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ADHD - how do I support my niece best
December 30, 2003
2:04 pm
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eve
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My niece is on Ritalin for ADHD. She does not always agree to take her medication and she seems bothered by the concept that she is not "ok" whithout her medication. When she doesn't take it in the morning, she gets very agitated, won't concentrate, can't sit still. And gets very disapointed when people notice that she didn't take *it*, and notice the difference.

Now, when she is under medication, she is very sweet, gentle, polite, intelligent. Sometimes stubborn or too touchy. I don't know too much about the drug, can sombody of you answer some questions?

- is it possible to interrupt the medication for a day? Or is it like other drugs that have to be taken continuously?

- Is the behaviour she shows when leaving the drug away 'how she would be normally' or just a rebound effect from abrupt whithdrawal?

- how long will she have to take this drug - for an average child, how many months / years?

- Are any of you diagnosed whith ADHD and how do you deal whith it?

- How can I help her. I want to show her that it is perfectly ok to have a *wild side*, but I don't want to openly disagree whith her parents on the diagnosis and on the medication. Me, I'm not sure what to think about it - she sure is easier to have around, when she is under medication, but I'm not sure if her normal self would be just a nuisance to the adults in her surroundings or a real social and school problem for her. How can I be sure that she isn't just drugged into compliance, because she got over the head of her teacher?

December 30, 2003
2:18 pm
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gingerleigh
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What sort of diet and exercise regiment does she follow? We talk a lot about how we all want to eat healthier as adults, but all this really should start as kids, right? Could her irritability and "hyperactivity" be her need to blow off some steam, either fueled by too much sugar or not vented enough in physical activity?

So many doctors are prone to treating ADHD with pills rather than lifestyle change, or with stricter enforcement of discipline. Children are not taught to honor the boundaries their parents set for them... parents may try, but media images of kids smarting off to their parents with overly mature responses undermines this each and every day. Logic would say that doctors might be doing the same thing to our kids (not that the doctors have bad intentions, not at all!) It's just that doctors have a much easier time prescribing remedies that involve taking a pill once per day than one that involves changing *how* we live our lives and challenging the social codes that bombard us at every turn.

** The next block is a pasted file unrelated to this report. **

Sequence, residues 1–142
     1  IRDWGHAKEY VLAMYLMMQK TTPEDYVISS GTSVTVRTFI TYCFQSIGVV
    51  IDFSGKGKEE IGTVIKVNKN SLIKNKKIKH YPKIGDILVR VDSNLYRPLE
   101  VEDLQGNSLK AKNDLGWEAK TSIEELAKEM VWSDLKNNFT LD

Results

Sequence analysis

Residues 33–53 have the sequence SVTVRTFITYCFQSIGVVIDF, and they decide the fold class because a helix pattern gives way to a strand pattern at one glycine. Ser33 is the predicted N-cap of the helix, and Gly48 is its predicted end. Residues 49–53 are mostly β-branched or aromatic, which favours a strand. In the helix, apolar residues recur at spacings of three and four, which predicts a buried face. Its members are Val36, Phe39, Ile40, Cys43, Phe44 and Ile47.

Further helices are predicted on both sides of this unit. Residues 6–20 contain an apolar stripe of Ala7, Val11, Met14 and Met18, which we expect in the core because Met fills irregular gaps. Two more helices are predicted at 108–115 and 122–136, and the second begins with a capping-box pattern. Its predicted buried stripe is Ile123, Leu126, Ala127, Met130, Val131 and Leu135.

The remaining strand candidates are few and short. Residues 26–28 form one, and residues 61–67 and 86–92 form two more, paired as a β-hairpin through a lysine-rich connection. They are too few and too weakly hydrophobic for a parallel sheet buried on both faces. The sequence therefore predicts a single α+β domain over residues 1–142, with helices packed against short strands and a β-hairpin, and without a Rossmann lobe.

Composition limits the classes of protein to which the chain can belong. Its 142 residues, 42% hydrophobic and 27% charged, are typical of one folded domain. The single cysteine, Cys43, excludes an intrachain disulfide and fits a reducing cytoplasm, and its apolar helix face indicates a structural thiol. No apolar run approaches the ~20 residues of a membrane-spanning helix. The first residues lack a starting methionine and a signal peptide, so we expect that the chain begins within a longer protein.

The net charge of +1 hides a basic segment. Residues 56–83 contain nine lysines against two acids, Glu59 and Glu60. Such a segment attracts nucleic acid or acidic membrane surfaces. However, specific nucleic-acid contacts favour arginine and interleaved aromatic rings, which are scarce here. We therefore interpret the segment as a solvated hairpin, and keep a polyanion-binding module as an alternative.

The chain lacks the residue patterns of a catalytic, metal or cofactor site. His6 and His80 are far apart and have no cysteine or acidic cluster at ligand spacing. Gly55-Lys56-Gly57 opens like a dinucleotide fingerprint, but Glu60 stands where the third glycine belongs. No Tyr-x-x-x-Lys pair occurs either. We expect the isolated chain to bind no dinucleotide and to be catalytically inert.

I'm not disputing the diagnosis here, I'm not qualified to do it, and even if I were I don't know your neice. But my concern would be that all avenues be explored before trying the medication, since how do you know when it's "safe" for her to stop them meds, or would she be expected to remain on the medication for her entire life? And if not, when it is time to take her off them, wouldn't she just slip back into the same patterns of behavior?

December 30, 2003
2:23 pm
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eve
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Thanks gingerleigh, jep, that are my questions.

The whole family is slim, eats fairly healthy, and does a lot of exercise (my nieces do ballet twice a week, the family goes walking or skiing each weekend, sports at school, and football whith the kids around the neighbourhood whenever it doesn't rain). The parents are fairly strict and consequent, my nieces (both of them, not just the one under medication) are very well behaved and usually listen to what they are told - the kids of my other sister are a different story.

December 30, 2003
3:03 pm
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gingerleigh
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Here are a few links that might be interesting reading for you.

http://my.webmd.com/content/ar.....ectedguid={5FE84E90-BC77-4056-A91C-9531713CA348}

http://my.webmd.com/content/ar.....ectedguid={5FE84E90-BC77-4056-A91C-9531713CA348}